There have been many changes in the doctor patient interaction over the last two decades. With increasing demand for patient’s time, office visits have been shortened and grouped closer together. This often leads to longer wait times, shorter face to face time with the physician and increased interaction with physician’s assistants. In an effort to more accurately document what happens and create a more permanent record, many offices are moving to digital x-rays and electronic medical records. Our office began using distal x-rays approximately five years ago and we have been very excited with the outcome of this. It provides faster delivery of images, a more permanent record, and a more transferable image. The quality of our x-rays has increased significantly and allows us to give copies of x-rays to patients after their office visit.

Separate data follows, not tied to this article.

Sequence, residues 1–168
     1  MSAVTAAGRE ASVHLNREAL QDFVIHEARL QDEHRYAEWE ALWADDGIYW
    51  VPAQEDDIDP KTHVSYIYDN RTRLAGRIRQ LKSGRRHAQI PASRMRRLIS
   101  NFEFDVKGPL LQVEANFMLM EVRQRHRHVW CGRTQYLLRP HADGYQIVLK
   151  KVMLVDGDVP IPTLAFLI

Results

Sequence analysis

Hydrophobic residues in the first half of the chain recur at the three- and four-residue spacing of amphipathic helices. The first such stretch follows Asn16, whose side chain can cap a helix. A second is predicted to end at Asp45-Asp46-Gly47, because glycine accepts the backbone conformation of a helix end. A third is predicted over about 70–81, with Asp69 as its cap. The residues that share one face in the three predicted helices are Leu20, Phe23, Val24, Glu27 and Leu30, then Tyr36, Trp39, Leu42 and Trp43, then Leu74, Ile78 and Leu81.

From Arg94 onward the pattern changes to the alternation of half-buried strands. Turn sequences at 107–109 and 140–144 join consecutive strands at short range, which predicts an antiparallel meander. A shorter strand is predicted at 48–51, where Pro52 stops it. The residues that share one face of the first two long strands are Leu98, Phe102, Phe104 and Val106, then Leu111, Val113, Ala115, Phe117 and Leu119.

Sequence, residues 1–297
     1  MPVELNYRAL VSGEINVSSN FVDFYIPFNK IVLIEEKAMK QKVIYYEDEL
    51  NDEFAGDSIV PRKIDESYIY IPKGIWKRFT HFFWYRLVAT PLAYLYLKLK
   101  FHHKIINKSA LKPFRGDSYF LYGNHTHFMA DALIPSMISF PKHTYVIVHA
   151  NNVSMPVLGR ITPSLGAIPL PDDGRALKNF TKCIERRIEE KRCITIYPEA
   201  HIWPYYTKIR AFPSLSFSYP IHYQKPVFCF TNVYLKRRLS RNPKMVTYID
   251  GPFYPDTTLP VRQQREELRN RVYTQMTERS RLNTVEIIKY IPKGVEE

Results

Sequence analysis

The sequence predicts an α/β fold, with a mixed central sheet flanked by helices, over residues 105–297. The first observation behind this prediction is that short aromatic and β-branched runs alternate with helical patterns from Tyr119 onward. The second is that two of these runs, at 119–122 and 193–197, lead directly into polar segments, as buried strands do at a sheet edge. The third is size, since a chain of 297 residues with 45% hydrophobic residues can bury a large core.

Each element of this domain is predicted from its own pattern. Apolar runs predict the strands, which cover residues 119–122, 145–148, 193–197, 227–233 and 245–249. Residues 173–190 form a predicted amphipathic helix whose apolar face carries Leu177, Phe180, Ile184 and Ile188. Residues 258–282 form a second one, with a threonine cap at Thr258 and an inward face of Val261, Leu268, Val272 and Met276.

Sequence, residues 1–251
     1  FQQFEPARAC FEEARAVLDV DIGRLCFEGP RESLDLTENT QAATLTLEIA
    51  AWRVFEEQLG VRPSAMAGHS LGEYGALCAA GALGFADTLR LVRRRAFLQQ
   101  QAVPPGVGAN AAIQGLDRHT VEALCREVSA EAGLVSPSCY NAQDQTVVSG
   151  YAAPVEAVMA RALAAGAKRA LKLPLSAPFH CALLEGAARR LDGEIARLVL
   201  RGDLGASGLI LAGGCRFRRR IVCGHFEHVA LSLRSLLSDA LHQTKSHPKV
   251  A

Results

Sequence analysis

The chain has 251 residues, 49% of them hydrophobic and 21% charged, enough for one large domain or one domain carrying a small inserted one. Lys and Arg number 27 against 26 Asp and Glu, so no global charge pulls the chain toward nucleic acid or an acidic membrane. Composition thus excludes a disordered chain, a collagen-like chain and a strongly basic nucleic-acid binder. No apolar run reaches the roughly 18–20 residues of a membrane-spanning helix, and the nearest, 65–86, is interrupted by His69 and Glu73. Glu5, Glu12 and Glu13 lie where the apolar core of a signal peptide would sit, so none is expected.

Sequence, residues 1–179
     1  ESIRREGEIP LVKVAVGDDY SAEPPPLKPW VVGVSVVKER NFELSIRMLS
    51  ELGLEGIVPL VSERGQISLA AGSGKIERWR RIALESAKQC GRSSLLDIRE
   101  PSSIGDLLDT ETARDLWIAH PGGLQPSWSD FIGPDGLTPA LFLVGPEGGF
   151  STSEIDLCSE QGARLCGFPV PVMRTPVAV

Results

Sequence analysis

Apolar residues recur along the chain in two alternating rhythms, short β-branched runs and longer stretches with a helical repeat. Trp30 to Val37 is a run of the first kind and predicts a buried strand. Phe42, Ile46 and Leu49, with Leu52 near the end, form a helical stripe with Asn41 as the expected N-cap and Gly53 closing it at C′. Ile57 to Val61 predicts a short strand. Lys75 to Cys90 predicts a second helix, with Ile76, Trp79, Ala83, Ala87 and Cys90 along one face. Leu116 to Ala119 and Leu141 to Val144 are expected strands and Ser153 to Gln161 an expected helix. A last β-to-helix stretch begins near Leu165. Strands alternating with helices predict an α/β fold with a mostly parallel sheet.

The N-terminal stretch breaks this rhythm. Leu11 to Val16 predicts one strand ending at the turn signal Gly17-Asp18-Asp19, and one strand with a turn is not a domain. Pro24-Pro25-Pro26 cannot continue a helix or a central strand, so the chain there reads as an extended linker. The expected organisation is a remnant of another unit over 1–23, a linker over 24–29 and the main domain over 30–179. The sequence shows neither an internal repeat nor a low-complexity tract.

In an effort to meet increasing governmental regulation, we are converting our medical records to an electronic medical record. This allows better record keeping, greater access to information for documentation purposes, but will change the nature of the interaction with the patient. Instead of listening and dictating the interaction at a later date, often data will be inputted into a tablet, a personal computer, at the time of the office visit, which will alter the way that we interact with patients. This may create a somewhat impersonal interaction, but probably will become the wave of the future. It will also change the way patients interact with physicians’ offices. Appointments and appointment forms will be downloadable from the internet and many of the information can be completed and electronically sent back to the office, decreasing the amount of time spent filling out paperwork in physician’s offices. Change is inevitable and our job is to try and embrace new technology and use it in a way that allows us to provide better care, better record keeping, and allow us to accommodate an increasing number of patients that is inevitable as our baby boom generation continues to age.